As Diane, one of our neighbours, commented, 'it's that time of year again' as I hooked the transporter onto the back of the Audi. Indeed it was, despite last minute pressure to get the Audi MOT'd although no fault of Dialynx who stitched together a solution to get the handbrake working to the tester's satisfaction. This the first sprint event of the 2017 season, 1.75 laps of Castle Combe starting from the marshalling area exit, the finish just after 'Bobbies'. Blessed with almost perfect weather for the time of year, clear blue sky although a chill easterly breeze, the short journey meant I was early enough to walk the course and check the reported changes at The Esses and Bobbies, in fact not used and of a minor nature. The track was obviously dry, very clean but cold. Bristol Motor Club, the organisers, must have been delighted with the oversubscribed entry list, reserves allowed to practice should runners fall by the wayside, which some did, so all reserves had competitive runs. 

This event is the first round of several championships including the Hillclimb and Sprint Association and the British Sprint although for the latter there seemed fewer large single seaters than I remember from previous years. I chose the Mallock to start the season, in the 1100cc single seater class with several modern bike engined cars, carefully warning the startline marshal that I would be slow – very slow! The driver's meeting was at 8.30 but I left everything in the Mallock for the scrutineer; fortunately he knew the car and when I returned the signed approval sticker had been left. As an aside, after a winter of discussion and speculation about the MSA's decision to enforce their Blue Book regulations regarding ROPS – rollover bars to you and me - there were apparently no problems highlighted by the scrutineers. They have the unenviable task of dealing with this at the coal face and I do wonder if an unintended consequence of this will be a reduction in the number of scrutineers, a group vital to the future of our club motorsport.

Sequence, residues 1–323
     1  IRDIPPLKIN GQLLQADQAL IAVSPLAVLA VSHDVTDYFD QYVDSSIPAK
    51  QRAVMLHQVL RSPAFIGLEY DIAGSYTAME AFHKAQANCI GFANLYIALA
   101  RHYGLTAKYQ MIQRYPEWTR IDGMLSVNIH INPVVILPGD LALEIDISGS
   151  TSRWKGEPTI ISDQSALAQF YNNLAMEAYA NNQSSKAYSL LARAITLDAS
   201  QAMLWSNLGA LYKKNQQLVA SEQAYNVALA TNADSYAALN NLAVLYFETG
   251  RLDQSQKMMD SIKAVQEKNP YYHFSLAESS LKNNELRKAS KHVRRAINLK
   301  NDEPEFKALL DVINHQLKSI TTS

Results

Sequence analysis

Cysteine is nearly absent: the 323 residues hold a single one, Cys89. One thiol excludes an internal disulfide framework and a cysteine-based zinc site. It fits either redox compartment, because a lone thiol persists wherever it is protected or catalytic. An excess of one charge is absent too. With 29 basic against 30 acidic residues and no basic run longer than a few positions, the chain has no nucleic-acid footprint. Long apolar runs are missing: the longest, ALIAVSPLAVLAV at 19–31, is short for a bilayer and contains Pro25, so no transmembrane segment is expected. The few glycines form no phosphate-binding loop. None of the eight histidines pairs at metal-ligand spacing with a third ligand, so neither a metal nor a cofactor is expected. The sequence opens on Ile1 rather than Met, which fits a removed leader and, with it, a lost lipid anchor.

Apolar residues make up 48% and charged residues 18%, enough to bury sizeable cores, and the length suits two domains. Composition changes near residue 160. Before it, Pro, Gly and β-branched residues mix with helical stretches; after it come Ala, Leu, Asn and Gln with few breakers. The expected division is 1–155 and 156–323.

Following a tatty start line in 2016 this section of tarmac had been resurfaced so there was no loose material flying up as cars departed. The start area seemed better organised with less delay between arriving in the marshalling area strapped in and ready to go, and actually starting. That's to the organisers credit because there were delays in practice with mechanical failures and cars falling off, happily few with damage. Single seaters were run in the middle of the programme and our single practice run was called relatively quickly as the programme ran with 2 or 3 cars on the track simultaneously. Some of us were viewing driving with a degree of trepidation, this being the first event for everyone although a few might have done some non competitive testing. It certainly was for me despite the Mallock fitting like an old pair of shoes. Having disgraced myself in practice last year, spinning on cold tyres in The Esses, I drove with, perhaps, excess caution but at least nothing untoward happened, the Mallock running sweetly. In the past practice has comprised 2.75 laps so that after a lap heat gets into the tyres, on the Mallock's rather hard Avons the grip being immediately obvious and reassuring. With just 1.75 laps this could not happen. After P1 there was plenty of time to check the car and make a few small adjustments, check spark plugs although I was confident the fuel mixture was correct. Most single seat competitors were fiddling, body panels strewn about, someone looking for welding equipment as a suspension link had cracked, others engrossed with their PCs downloading data from their ECUs, some checking suspension geometry. 

It was pleasant catching up with people I'd not seen since last autumn. New cars purchased and interesting to learn that a Mallock Mk11 will be returning to the hills in the Aldon Classic Championship, although I expect someone will disapprove of it's original rear wing.The weekend sprint normally held in May at Crystal Palace has been moved to August Bank Holiday and it was useful to hear the background from Andy, competing at Combe with his quick Elan +2. Partner Jackie is the entry secretary, although they will both miss the event due to previous arrangements. Andy remarked about how his Elan lifted significantly at speed, Combe of course rather quick in places, the Elan a product of it's time and the available knowledge of aerodynamics. For a sprint like this Combe is perfect, plenty of space in the paddock with hard and level tarmac with roads to quietly drive the car around before the action to confirm that everything works.